Students also discussed “Numbers vs Stories: Getting the Full Picture of Homelessness in Los Angeles County,” which was a central topic in The Tattooed Soldier. Lindsay Kerby, Senior Community Investment Officer at The California Housing Partnership, taught students about affordable and supportive housing, red-lining, and exclusionary neighborhoods, a few underlying causes of homelessness in Los Angeles; students also discussed a few potential solutions to homelessness.
Guatemalan art and music were also discussed. Sequoyah high school art teacher, Aimee Zvinakis, led a tattoo design workshop and allowed students to create their own tattoo and share their work. Ben Ede, Sequoyah’s music teacher, presented Guatemalan Indigenous Hip-Hop and highlighted the music of Balam Ajpu.
Many of these workshops were interactive. Reimagining the Popol Vuh, a workshop led by Dean of Students Viviana Palacio, recounted the history and mythology of the K’iche’ language of the Mayan People, who inhabited the Guatemalan Highlands. Students read verses of the book and proceeded to make art based on what spoke to them. In the workshop, the students read many phrases in K’iche’. Among them was: “They spoke the world into being/with luminous words and clear truth,” which Adela Villalba, Sequoyah School senior, represented in her own one-line art form (pictured to the right).
Environmental Justice in Central America was also discussed. Chelsea Confalone, Sequoyah’s high school Biology teacher, showed students two videos that expressed the dangers of being a Central American environmental activist in Honduras, Guatemala, and Brazil. After those videos, students broke out into groups and researched specific activists. In one group, Sequoyah senior Audrey Bluestone researched Berta Cáceres, a woman who was murdered while trying to save an indigenous community from a dam that was being built in Honduras. It was presumed, Bluestone discovered, that the hitman was from the dam company.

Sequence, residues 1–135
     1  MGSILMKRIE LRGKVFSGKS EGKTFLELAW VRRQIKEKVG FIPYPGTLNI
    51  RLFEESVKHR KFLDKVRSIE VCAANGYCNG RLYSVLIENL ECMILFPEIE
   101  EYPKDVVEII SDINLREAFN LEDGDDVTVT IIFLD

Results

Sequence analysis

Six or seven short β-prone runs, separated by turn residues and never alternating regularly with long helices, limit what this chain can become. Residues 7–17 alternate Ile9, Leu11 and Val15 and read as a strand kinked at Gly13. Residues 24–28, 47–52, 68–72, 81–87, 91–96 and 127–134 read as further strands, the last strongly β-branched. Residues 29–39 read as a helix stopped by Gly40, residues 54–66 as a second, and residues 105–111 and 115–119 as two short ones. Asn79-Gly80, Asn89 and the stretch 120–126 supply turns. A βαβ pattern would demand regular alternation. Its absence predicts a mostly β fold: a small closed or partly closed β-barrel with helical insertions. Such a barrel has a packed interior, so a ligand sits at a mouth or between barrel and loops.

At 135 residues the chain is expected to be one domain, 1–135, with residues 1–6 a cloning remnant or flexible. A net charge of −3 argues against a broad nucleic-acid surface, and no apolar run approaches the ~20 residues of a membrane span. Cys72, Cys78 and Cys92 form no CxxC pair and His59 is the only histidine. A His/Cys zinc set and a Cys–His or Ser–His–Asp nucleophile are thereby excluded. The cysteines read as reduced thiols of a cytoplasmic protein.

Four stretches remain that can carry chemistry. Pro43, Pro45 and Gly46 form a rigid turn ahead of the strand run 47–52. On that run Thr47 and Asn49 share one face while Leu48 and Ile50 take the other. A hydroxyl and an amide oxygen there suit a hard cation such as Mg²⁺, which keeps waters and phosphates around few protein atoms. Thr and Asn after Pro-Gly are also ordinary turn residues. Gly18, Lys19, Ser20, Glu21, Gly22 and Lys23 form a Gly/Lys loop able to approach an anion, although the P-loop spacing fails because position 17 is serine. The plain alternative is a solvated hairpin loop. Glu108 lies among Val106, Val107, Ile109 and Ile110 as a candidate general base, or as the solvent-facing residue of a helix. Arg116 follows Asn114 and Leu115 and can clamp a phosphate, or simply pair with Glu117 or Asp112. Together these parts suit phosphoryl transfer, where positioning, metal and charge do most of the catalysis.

The All-School Read Summer Reading Event included many guest speakers, among them Manolo Argueta, father of Sequoyah School junior Ada Argueta, who talked about his lived experience in coming from Guatemala to Los Angeles. During the workshop, Manolo Argueta talked about his life in Guatemala and “what the situation and environment was like growing up.” He talked about what it was like crossing the border and what his experiences were like when he arrived in Los Angeles. Manolo Argueta noted that he enjoyed “telling everyone about [his] stories and answering [student] questions.” “It was a good feeling,” he said, “to present to a community who participated and paid attention.”
This event was planned by students who attend Sequoyah’s high school (Ada Argueta, Adam Lurvey, Andrea Bizarro, Angelique Rivanis, Axel Stash, Essence Williams, Owen Barbato, Ruby Wenzlaff), and five teachers (Arden Thomas, Calina Ciobanu, Julian Petri, Lindsey Graham, Marisol Perez) as part of a group called the Summer Reading Committee.
Correction: September, 16 2020
An earlier version of this article stated that this was Sequoyah’s Second Annual Summer Reading Event.